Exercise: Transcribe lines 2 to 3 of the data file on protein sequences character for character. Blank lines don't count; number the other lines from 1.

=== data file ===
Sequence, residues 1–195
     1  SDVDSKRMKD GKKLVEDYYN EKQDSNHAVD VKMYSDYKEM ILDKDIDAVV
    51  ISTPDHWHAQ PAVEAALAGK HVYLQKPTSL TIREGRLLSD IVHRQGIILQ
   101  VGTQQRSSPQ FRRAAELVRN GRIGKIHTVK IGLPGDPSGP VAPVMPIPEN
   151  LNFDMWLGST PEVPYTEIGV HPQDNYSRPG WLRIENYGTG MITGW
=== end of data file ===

     1  SDVDSKRMKD GKKLVEDYYN EKQDSNHAVD VKMYSDYKEM ILDKDIDAVV
    51  ISTPDHWHAQ PAVEAALAGK HVYLQKPTSL TIREGRLLSD IVHRQGIILQ